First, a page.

Tuesday marked the end of a chapter in a bitter, contentious election season, but despite the vitriol displayed in campaigns across the country, Election Day in La Plata County was relatively calm.
Clerk and Recorder Tiffany Parker, who oversees local elections, began her day by leading a group of children, parents and board members from the Boys and Girls Club in the Pledge of Allegiance at 6:45 a.m. Polling centers opened at 7 a.m.
La Plata County started the day ranked 13th out of Colorado’s 64 counties for highest percentage of ballots returned. As of Tuesday night, at least 82% of active voters had returned ballots.
This year’s election had higher in-person voting numbers than in 2016 in La Plata County, Parker said. In 2016, 2,293 people voted in person compared with 2,715 this year. But thanks to early voting, last-minute voters didn’t face long waits Tuesday to cast ballots. La Plata County had two new voter service and polling centers this election cycle: at the Community Concert Hall at Fort Lewis College and at the Southern Ute Cultural Center and Museum in Ignacio. The voting center at FLC experienced a lunchtime rush, while the voting center in Ignacio was the slowest.
Jeff Cary and Richard Fultner, election judges stationed at the fairgrounds, were surprised how calm things were at the voting center. Cary described the interactions between people as “jovial.”
Cary and Fultner said the Durango Police Department and the La Plata County Sheriff’s Office “ran a tight ship” trying to dissuade voter intimidation. Law enforcement did frequent sweeps of the area and had officers stationed at voting centers.
Candidates for county commissioner employed the same tactics they used during the run-up to Election Day. Marsha Porter-Norton, a Democrat running for District 2, spent the day waving to drivers as they passed the DoubleTree Hotel, 501 Camino del Rio in Durango. Her opponent, unaffiliated candidate Jack Turner, drove through town with a trailer adorned with campaign signs.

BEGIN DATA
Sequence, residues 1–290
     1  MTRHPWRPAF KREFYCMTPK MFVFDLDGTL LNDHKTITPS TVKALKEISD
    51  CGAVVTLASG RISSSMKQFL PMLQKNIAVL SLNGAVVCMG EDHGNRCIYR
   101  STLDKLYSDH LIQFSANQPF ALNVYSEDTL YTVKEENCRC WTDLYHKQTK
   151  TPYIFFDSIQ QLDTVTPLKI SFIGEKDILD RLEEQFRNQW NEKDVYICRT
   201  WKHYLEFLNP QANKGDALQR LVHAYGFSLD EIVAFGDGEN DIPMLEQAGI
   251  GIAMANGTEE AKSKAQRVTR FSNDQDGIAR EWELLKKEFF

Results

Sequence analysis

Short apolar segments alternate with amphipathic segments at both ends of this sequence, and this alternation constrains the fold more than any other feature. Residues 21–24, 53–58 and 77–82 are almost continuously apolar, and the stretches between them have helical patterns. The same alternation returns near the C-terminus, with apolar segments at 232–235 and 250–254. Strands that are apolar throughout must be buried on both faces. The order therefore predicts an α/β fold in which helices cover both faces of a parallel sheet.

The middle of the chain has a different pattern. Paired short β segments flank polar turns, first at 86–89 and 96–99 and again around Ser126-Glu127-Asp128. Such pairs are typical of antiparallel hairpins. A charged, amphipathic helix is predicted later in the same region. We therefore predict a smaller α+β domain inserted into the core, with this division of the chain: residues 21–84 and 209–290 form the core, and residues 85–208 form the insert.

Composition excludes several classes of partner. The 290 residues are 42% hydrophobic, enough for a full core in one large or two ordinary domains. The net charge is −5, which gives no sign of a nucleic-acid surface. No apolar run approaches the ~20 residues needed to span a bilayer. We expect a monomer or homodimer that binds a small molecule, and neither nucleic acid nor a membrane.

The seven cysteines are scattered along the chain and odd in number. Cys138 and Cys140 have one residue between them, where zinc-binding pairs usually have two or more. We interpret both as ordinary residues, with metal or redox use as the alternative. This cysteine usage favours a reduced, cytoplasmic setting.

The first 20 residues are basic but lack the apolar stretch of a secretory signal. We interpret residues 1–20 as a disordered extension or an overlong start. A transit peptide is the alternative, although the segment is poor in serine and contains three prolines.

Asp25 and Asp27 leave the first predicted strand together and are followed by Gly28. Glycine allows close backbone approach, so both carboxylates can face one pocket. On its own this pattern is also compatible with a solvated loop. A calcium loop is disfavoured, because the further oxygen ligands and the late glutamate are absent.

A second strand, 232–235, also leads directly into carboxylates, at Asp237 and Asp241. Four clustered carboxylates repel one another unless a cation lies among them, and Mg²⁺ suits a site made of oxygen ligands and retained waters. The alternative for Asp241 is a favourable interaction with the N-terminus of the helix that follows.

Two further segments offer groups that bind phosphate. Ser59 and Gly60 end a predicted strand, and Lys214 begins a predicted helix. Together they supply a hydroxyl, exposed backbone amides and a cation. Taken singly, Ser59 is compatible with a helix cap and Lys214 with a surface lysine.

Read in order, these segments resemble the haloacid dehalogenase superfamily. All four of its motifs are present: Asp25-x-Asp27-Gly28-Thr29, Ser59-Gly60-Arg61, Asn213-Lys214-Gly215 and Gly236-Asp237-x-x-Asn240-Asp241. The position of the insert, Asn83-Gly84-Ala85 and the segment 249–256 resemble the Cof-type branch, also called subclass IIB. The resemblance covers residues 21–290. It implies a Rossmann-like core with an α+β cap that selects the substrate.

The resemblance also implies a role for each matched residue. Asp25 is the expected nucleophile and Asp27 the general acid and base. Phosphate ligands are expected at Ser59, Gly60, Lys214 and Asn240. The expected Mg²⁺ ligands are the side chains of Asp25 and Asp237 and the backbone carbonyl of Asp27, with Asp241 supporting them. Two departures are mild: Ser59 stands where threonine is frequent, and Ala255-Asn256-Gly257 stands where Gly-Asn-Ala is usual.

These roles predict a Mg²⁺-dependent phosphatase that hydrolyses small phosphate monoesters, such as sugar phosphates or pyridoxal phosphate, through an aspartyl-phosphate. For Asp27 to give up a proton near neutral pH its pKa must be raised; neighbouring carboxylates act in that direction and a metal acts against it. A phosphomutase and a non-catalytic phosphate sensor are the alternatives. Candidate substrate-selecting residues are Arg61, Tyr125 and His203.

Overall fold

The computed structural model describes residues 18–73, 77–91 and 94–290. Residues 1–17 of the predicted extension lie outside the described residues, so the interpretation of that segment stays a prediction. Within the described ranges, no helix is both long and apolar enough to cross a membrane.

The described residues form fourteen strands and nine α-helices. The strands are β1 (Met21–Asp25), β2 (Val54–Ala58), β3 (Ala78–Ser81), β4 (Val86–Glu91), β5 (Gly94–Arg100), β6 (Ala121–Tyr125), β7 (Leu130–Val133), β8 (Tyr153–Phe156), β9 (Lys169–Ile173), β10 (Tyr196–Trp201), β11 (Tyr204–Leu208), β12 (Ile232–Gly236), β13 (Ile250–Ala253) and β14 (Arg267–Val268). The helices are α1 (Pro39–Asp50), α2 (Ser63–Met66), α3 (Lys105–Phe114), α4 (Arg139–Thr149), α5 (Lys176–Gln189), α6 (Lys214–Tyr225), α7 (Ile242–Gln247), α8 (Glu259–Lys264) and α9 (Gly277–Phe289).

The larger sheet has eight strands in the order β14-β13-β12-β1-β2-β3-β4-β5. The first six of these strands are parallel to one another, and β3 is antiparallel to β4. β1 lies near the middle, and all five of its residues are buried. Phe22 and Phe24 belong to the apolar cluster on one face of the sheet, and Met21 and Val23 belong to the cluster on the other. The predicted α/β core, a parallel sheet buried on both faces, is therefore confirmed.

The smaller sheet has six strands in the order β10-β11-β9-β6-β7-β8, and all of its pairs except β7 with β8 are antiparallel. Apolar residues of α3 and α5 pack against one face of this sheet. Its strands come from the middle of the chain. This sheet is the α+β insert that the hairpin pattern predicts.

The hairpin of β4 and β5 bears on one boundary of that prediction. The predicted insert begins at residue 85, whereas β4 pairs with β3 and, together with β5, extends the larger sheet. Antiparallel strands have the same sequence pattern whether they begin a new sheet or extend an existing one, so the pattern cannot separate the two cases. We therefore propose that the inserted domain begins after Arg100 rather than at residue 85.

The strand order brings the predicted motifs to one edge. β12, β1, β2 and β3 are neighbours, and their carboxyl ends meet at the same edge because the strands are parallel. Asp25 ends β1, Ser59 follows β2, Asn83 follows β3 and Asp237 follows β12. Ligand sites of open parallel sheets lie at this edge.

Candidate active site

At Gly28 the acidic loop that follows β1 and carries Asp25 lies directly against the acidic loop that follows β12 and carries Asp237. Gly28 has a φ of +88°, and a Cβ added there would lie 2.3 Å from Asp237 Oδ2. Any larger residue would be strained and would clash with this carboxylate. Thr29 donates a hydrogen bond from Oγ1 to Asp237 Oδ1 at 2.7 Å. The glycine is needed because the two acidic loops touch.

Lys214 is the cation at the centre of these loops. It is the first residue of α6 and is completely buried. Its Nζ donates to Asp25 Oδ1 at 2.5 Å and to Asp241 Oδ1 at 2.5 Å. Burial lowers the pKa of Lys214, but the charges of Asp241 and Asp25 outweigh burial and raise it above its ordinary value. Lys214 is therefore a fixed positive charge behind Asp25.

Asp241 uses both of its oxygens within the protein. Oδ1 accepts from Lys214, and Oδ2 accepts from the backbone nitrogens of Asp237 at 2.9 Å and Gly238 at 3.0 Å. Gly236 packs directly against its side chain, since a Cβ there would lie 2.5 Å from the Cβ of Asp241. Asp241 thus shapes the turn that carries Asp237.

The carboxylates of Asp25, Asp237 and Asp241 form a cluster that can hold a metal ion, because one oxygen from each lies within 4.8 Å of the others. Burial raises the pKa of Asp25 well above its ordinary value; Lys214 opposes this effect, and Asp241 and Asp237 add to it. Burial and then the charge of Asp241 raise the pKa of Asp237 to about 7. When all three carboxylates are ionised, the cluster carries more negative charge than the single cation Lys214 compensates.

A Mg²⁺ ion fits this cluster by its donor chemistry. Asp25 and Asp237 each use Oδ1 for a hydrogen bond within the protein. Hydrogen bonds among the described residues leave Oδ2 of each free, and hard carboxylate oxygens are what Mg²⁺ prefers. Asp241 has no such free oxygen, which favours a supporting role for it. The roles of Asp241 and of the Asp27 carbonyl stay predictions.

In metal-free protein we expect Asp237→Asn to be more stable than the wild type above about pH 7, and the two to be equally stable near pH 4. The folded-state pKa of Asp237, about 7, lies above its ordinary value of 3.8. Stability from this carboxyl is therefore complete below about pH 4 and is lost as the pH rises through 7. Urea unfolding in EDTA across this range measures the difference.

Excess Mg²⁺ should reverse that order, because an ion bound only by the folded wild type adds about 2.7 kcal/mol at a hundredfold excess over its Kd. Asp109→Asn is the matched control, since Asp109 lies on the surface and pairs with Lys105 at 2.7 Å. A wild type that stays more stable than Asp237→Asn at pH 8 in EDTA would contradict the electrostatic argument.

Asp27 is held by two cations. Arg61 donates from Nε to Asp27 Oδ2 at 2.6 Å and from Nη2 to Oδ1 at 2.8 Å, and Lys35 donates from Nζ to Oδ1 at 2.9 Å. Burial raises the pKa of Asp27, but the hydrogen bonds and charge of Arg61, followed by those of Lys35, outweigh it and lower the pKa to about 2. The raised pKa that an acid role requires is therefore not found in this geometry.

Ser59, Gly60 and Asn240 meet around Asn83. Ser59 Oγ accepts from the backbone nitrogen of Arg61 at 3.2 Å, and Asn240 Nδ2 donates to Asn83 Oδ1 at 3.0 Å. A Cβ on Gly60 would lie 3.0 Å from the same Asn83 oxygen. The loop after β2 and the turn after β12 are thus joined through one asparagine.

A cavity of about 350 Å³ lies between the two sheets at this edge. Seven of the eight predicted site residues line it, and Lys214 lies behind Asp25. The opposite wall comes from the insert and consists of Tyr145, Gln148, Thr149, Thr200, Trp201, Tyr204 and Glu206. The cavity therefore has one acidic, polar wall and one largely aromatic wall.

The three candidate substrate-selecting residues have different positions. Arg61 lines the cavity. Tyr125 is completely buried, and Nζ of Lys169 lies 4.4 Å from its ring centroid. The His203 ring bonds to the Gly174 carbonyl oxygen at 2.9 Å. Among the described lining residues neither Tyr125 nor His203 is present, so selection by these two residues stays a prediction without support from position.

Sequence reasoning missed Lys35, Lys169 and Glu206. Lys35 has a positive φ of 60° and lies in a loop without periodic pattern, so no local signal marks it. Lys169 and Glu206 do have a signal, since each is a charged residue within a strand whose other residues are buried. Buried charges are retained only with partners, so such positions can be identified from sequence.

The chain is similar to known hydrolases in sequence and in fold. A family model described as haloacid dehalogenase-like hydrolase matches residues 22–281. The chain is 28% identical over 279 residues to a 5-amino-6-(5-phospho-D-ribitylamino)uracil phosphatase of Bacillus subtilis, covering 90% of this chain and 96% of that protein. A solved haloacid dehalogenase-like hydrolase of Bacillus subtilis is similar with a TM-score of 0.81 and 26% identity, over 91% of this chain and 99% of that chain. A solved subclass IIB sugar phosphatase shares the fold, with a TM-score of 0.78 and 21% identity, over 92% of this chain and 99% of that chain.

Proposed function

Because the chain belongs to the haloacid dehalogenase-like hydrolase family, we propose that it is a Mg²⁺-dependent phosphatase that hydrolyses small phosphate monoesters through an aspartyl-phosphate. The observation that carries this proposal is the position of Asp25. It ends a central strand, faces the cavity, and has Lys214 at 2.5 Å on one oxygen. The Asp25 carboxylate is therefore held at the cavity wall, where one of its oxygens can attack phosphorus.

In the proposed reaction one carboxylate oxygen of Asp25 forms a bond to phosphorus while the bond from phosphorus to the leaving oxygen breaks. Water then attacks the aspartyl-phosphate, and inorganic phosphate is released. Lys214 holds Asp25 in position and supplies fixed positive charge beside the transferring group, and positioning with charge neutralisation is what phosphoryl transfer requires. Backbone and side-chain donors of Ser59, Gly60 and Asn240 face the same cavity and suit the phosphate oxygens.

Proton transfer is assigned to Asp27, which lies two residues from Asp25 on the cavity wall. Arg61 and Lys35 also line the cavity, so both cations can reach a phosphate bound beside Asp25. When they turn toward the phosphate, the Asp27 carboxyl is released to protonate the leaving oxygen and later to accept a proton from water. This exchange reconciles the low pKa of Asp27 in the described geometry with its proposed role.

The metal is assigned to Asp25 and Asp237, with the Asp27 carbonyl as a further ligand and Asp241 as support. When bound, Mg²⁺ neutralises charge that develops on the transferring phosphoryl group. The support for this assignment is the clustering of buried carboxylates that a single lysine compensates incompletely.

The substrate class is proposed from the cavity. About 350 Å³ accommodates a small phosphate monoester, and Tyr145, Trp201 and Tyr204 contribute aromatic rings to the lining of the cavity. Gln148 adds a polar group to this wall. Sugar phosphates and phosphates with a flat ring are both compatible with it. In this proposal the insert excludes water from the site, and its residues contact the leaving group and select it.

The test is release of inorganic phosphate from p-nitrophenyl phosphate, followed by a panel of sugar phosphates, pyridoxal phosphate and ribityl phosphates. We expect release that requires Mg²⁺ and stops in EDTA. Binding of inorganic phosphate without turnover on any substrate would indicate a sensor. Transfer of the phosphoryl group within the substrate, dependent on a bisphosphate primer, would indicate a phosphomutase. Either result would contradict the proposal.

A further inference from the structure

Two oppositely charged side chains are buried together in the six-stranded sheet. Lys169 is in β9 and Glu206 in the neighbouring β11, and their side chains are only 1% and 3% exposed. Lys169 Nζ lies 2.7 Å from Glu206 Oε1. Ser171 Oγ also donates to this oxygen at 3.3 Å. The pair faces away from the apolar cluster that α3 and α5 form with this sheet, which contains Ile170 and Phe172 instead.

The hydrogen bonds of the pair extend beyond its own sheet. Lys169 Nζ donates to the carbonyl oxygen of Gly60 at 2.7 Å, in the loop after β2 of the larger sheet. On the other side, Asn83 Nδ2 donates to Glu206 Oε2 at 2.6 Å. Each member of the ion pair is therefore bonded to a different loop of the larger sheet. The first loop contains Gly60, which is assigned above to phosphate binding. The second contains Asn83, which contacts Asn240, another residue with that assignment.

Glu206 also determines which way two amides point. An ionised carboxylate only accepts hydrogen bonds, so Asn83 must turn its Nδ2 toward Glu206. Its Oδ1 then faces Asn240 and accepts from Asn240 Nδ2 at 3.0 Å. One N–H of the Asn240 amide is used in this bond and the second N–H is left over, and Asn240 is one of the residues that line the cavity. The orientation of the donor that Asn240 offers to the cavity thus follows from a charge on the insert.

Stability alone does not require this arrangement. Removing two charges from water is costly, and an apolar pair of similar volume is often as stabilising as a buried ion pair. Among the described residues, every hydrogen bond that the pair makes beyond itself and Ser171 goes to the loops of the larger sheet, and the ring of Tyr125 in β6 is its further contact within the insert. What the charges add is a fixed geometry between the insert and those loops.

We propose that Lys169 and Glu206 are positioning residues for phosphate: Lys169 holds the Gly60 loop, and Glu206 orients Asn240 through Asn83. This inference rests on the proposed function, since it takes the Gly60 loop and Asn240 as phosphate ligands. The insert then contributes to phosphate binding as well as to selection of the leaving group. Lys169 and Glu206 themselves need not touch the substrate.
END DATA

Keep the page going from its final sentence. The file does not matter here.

In the District 3 race, unaffiliated candidate Charly Minkler spent the day at work while his Democratic opponent Matt Salka waved at passing cars. All candidates said they planned to spend election night at home, forgoing any Election Day parties because of COVID-19 restrictions.
Salka and Porter-Norton, who were outside for the majority of the day, were greeted by unseasonably warm weather. The previous high temperature for an Election Day in recent history was set in 2012 when the mercury reached 62 degrees and President Barack Obama won re-election. Tuesday’s high was 70.
Despite the quiet day at the polls, Election Day emotions still ran high for some. A caravan of pickup trucks flying Trump flags made several laps through Durango during the day. Around midday, Paul Kokes, 25, was issued a citation for interfering with the caravan. Near 31st Street and Main Avenue, Kokes pulled in front of the caravan and slowed down to about 5 mph and then moved in front of the trucks each time they tried to pass, according to the Durango Police Department.
Kokes was issued a citation for impeding normal flow of traffic, according to the police department.
Durango resident Tad Johnson stood near north Main Avenue, across from Doughworks, with a homemade sign encouraging people to vote. Johnson’s sign had one simple word on it, “vote.” However, the “e” in vote was painted the same as Biden-Harris posters. Johnson said he is a Biden supporter, but his main motivation was to get people to vote.